│  prevState,◀─┼──────(       )
│     │  req,        │      (`─────') │
      │  secrets     │      (`─────')
│     │) -> nextState├─────▶(`─────') │
      └──────────────┘       `──┬──'
│                               │     │
    ┌─────────────────────────┐ │
│   │query(state, queryString)│◀┘     │
    └────────────┬────────────┘
│                │                    │
         ┌───────▼────┐
│        │ /:readKey  ├┐              │
         └┬───────────┘├┐
│         └┬───────────┘│             │
           └──┬─────▲───┘
└ ─ ─ ─ ─ ─ ─ ┼ ─ ─ ┼ ─ ─ ─ ─ ─ ─ ─ ─ ┘
              │     │
    .─────────▼─────┴───────────.
   (    Your consumer client     )
    `───────────────────────────'

Service Level Diagram

flowchart LR
    Client[Remix App]
    Browser
    HookClient[Endpoint Clients]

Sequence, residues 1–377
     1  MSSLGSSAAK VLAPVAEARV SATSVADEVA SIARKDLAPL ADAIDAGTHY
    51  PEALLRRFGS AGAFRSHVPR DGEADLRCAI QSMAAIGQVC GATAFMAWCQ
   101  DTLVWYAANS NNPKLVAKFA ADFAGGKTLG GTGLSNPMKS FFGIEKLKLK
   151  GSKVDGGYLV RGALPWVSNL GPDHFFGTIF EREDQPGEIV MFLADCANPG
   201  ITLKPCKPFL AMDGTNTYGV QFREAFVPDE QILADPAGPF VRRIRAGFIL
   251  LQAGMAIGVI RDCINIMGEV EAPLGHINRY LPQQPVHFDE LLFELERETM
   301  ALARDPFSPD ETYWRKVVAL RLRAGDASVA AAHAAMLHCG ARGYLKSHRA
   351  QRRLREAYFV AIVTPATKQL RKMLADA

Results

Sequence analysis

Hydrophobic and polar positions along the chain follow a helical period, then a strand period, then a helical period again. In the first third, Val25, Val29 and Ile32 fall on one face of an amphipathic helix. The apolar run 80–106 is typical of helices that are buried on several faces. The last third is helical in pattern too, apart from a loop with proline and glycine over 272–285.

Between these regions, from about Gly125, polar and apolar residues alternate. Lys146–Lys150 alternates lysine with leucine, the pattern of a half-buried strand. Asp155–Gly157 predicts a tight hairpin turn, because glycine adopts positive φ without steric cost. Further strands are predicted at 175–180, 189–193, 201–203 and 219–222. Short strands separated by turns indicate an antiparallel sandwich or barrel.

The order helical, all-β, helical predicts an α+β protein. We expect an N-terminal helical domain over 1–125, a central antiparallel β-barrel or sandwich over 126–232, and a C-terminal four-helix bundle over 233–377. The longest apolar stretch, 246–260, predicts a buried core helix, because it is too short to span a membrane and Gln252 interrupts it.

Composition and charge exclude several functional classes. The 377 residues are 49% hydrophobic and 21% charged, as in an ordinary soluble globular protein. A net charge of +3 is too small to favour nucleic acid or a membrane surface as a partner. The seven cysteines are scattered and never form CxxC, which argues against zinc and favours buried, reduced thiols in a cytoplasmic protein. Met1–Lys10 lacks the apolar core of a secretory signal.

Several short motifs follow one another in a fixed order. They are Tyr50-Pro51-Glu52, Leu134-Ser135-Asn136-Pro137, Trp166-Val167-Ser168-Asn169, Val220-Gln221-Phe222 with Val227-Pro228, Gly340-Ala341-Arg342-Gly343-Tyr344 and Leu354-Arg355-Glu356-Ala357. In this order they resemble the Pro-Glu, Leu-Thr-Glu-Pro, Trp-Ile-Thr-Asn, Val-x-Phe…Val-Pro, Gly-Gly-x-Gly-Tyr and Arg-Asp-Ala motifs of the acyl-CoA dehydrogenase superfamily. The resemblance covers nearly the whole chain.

subgraph privateNetwork[Private Network]

        Server
        Redis[(Redis)]
        Postgres[(Postgres)]
        SecretsDb[(SecretsDb)]
        Worker
        Secrets[Secrets Service]
        subgraph isolated-docker
            Runner
        end
    end

    click Client "https://github.com/zekenie/web-reducer/tree/main/client#readme"
    click Server "https://github.com/zekenie/web-reducer/tree/main/server#readme"
    click Worker "https://github.com/zekenie/web-reducer/tree/main/server#readme"
    click Secrets "https://github.com/zekenie/web-reducer/tree/main/secrets#readme"
    click Runner "https://github.com/zekenie/web-reducer/tree/main/runner#readme"


    Client <--> Server
    Server --> Secrets
    HookClient <--> Client
    Secrets <--> SecretsDb
    Server <--> Redis
    Server <--> Postgres
    Worker <--> Redis
    Worker <--> Postgres
    Worker <--> Runner
    Browser <--> Client
    Redis